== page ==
'Art Shouldn't Be Painful': How Wajatta Combines Improvisation And Production
On paper, Wajatta is a musical pairing that shouldn't work. The duo is composed of Reggie Watts, a fly-by-the-seat-of-his-pants improviser, and John Tejada, a meticulous electronic composer. Despite seeming like a bit of an odd couple, Don't Let Get You Down, their second collaboration, was just released today.
It is hard to describe Reggie Watts exactly. Currently the bandleader for The Late Late Show with James Corden, he started his career as a comedian with a particular skill: a sort of absurd stream of consciousness. He created intricate improvised pieces of music by looping wordless vocals live, like in his 2012 TED talk.
"I just add drums, bass, rhythmic elements," Watts explains. "I riff over that. Sometimes I'll discover a melody, I'll add that to the loop. And then I'll harmonize over that to create kind of a chorus or a hook. So I guess you'd call it 'live production.' "
It's fascinating to watch, and carved out a unique niche for Watts in the comedy world; but he wasn't quite satisfied.
"I'd always wanted to make proper dance music, like techno/house kind of realm. I have always been trying to do [that with] my own electronic projects, but not quite getting the sounds right," he says. "It was always a dream to be recognized by the scenes that I really dug."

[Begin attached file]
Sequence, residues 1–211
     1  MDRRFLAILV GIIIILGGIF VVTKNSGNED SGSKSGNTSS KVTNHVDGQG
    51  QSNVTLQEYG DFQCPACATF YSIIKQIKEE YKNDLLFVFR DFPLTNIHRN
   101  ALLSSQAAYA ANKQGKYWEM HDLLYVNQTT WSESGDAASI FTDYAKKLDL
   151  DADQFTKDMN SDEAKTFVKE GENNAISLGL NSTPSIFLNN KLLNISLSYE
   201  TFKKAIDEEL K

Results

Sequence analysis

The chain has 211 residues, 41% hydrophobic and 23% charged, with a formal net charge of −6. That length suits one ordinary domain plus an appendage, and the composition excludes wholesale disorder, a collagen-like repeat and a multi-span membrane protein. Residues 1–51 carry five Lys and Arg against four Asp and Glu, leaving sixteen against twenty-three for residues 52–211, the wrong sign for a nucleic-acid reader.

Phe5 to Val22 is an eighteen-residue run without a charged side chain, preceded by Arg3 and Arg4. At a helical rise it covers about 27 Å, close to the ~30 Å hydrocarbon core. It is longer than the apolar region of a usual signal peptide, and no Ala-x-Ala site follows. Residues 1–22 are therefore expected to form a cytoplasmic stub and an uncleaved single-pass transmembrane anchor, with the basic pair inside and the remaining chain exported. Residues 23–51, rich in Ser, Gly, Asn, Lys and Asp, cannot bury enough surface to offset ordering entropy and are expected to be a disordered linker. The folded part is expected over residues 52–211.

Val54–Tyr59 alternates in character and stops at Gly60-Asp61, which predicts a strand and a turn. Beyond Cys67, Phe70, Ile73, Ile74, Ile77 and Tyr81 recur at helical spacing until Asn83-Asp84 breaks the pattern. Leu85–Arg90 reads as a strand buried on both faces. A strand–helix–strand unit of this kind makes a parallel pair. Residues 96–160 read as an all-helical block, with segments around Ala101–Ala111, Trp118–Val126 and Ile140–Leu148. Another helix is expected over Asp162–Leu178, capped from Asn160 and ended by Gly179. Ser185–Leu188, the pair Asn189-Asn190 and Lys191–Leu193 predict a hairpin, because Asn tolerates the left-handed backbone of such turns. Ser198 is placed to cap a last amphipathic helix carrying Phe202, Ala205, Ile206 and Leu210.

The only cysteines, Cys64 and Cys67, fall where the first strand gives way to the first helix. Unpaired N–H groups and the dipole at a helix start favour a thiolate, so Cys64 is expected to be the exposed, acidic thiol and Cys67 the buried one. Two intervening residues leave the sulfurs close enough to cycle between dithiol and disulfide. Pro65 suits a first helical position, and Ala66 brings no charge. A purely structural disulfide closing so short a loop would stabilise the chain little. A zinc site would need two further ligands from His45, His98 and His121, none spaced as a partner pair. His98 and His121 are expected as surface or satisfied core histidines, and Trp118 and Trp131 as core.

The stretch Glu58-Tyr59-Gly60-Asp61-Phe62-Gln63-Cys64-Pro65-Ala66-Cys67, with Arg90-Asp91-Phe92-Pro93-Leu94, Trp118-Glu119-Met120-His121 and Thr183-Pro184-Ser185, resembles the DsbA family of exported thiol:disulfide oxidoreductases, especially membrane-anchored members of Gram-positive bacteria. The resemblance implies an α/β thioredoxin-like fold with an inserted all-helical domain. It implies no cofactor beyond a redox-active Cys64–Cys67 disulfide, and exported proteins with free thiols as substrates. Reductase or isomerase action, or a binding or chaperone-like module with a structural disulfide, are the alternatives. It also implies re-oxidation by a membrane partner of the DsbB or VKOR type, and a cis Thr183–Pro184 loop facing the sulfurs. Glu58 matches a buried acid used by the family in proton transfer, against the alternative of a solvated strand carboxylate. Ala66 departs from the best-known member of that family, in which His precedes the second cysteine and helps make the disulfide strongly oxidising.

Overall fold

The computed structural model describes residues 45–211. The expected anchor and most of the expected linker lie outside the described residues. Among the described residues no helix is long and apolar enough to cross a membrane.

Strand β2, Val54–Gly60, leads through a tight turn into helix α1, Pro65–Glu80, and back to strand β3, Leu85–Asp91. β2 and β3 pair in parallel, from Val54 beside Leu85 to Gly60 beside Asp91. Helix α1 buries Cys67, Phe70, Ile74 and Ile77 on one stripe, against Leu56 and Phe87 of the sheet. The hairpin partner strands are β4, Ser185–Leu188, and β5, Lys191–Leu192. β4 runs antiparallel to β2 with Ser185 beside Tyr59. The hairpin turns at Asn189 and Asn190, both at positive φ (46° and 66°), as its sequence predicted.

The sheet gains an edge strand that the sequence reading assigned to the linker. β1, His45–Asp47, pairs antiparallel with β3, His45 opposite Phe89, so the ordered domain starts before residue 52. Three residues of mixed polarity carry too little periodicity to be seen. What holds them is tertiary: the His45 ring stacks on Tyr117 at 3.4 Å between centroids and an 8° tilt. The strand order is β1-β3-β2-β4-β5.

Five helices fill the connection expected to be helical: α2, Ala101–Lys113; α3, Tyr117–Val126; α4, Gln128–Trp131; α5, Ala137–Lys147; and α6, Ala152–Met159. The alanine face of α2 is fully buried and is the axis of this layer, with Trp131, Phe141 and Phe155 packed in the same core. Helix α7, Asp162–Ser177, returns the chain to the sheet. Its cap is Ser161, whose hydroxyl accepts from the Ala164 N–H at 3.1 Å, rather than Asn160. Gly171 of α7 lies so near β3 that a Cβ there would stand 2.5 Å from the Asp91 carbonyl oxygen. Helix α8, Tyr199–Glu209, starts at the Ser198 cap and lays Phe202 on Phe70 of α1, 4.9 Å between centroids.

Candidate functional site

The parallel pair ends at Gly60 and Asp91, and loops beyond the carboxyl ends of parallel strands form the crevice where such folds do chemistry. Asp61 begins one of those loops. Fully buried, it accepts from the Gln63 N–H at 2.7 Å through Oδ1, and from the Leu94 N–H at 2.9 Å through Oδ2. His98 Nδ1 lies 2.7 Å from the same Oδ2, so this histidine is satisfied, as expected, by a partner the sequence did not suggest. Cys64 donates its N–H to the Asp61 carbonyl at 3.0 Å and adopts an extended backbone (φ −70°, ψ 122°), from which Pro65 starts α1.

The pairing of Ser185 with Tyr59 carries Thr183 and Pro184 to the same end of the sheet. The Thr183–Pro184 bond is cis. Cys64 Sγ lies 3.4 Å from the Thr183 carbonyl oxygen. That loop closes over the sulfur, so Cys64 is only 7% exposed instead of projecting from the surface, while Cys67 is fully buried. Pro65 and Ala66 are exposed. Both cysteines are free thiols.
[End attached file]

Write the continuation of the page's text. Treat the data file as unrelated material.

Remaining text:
Enter John Tejada, who The Los Angeles Times has called "one of the most important figures in LA dance music for a couple decades." The two met at one of Tejada's club gigs, and he agreed to help Watts hone his sound and build upon some of his improvised loops. Together, they became Wajatta.
A lot of electronic dance composers can spend months obsessing over one song. John Tejada decided to fight that instinct and be with Reggie Watts in the moment.
"Our sort of mantra is like: Art shouldn't be painful," Tejada says.
The Wajatta process takes advantage of the two members' skill sets. A song might start with a simple Tejada beat — and then Watts lets his creativity take over.
"I think initially it's sort of like throwing paint on the canvas and then seeing where we're at," Tejada says. "And then once the canvas gets kind of full, we have the ability to edit and tweak. It's hours of fun, and it's just tons of material."
With Tejada's grounding in composition, Watts now had the missing element he needed to make the music he'd dreamed of.
"I just never had the patience because I'm more interested in, like, 'Oh, this is a cool idea! Oh, how about this idea!' " Watts says. "So with John, it was very refreshing to know that he's like, 'No, that's all I need. Cool, I'll see you later.' ... And then we have a bad-ass track."
And while the improviser Watts took advantage of Tejada's precise and thorough nature, Tejada says he learned a valuable lesson from Watts' approach.
"I remember one time we were having a chat, and he came up with this great idea — as he does. I just looked at him like 'How are we gonna do that?' " Tejada remembers. "He just looked at me and says, 'Yeah, we're just going to do it.' That actually really stayed with me.
"Ever since then," he continues, "if something seems really difficult, I just sort of think of him going, 'Yeah, we're just gonna do it.' That's kind of a small transformation for me."
Don't Let Get You Down is out now onBrainfeeder.
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